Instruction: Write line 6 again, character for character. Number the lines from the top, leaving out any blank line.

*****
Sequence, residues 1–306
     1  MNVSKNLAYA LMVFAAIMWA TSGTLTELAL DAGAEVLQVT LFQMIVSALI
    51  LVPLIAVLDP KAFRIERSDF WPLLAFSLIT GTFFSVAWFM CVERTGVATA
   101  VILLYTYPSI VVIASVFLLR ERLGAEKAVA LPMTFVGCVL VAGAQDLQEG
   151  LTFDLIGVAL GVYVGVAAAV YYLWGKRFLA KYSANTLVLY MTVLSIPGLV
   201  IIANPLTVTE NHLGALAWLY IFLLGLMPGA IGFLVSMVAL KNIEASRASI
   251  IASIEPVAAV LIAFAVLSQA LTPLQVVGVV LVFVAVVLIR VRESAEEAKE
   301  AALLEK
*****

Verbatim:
   201  IIANPLTVTE NHLGALAWLY IFLLGLMPGA IGFLVSMVAL KNIEASRASI